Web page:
One of the basic rules of economics is that if you increase the price of something, people buy less of it. But not in the case of alcohol, according to the Prime Minister:
Prime Minister John Key says he is not convinced a minimum price for alcohol would work because it could force people to drink poorer quality liquor instead of drinking less.Which I think tells us firstly that Key doesn't understand the concept of a minimum price (it is a minimum price per standard drink, which would basically double the cost of budget drinks like cask wine and discount beer; switching drinks doesn't escape it, because they're also subject to the same minimum price); and secondly, that like Treasury he is willing to deny basic economics when it serves his political goals (in this case, coming up with a reason to oppose a Labour party policy). He is both ignorant, and intellectually dishonest.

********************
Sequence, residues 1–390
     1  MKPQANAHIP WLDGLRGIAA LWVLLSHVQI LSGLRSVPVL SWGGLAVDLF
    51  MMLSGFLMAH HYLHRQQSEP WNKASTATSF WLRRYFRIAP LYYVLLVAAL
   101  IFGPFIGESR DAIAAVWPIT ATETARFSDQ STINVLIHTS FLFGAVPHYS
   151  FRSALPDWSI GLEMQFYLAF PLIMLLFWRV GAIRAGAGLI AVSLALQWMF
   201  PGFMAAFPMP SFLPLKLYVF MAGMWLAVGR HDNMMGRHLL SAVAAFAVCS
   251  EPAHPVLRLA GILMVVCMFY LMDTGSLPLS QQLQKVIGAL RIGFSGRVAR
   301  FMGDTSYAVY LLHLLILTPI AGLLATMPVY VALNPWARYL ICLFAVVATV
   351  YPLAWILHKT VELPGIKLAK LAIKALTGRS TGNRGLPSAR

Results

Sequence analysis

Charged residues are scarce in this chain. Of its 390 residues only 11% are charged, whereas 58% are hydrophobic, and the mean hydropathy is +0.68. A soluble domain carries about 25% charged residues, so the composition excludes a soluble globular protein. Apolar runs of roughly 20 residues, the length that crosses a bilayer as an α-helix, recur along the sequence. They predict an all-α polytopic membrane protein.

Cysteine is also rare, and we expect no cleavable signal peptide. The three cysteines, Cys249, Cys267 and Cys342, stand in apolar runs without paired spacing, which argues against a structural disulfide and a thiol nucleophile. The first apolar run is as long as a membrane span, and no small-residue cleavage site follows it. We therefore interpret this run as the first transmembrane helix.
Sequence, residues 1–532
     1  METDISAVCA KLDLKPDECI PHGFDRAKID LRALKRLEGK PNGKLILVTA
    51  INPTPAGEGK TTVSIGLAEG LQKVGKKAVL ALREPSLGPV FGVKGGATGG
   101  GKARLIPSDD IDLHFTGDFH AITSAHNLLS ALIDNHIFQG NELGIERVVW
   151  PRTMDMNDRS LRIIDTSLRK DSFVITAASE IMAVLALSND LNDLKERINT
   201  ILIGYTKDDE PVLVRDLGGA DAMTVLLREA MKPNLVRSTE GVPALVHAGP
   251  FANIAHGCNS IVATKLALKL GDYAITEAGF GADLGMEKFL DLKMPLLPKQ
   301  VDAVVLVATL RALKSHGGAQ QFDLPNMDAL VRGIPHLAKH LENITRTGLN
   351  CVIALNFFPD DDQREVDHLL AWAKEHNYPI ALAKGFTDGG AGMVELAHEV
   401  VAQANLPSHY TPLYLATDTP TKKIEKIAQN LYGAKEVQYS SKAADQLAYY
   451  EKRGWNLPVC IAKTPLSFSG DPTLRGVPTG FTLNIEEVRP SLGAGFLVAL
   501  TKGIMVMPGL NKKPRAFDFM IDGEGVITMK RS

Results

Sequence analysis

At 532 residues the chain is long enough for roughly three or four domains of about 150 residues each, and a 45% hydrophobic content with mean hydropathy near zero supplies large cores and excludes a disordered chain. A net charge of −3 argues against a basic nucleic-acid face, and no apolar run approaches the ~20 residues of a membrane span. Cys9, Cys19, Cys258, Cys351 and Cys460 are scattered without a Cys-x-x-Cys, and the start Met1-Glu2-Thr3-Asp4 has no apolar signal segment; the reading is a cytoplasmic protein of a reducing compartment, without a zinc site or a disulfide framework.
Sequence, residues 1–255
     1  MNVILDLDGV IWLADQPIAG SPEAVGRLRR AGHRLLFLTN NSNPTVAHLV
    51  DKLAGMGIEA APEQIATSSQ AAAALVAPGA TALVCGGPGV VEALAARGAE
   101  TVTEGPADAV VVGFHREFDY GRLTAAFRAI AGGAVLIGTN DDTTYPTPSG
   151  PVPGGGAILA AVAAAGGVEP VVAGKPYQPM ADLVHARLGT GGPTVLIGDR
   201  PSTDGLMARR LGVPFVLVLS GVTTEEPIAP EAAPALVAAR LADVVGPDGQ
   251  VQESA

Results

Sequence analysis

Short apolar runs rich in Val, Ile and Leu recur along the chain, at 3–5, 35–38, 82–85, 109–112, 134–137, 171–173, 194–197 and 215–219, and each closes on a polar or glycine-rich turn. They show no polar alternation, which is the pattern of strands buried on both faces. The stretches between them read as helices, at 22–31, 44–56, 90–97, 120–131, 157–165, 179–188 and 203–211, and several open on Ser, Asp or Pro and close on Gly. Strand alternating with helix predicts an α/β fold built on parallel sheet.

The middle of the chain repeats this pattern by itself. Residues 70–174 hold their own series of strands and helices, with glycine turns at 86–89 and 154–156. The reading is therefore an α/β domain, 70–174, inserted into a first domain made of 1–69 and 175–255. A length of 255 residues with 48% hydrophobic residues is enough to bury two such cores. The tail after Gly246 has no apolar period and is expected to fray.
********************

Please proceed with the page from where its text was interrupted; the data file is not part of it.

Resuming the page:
He said it was uncertain what a minimum pricing scheme would entail: "Does it mean a supermarket couldn't loss-lead ... or does it mean that there's actually a minimum price for a unit of alcohol?"
Mr Key believed that if a minimum price were set, it would change the quality of alcohol that people drank, but not the amount.
"What typically happens is people move down the quality curve and still get access to alcohol."
The evidence is crystal clear: the most effective method to reduce social harm from harmful products is higher prices. It works for tobacco. It would work for carbon (but instead the government subsidises pollution). It will work for alcohol. But that would mean that the booze barons make less money, and we can't be having that now, can we?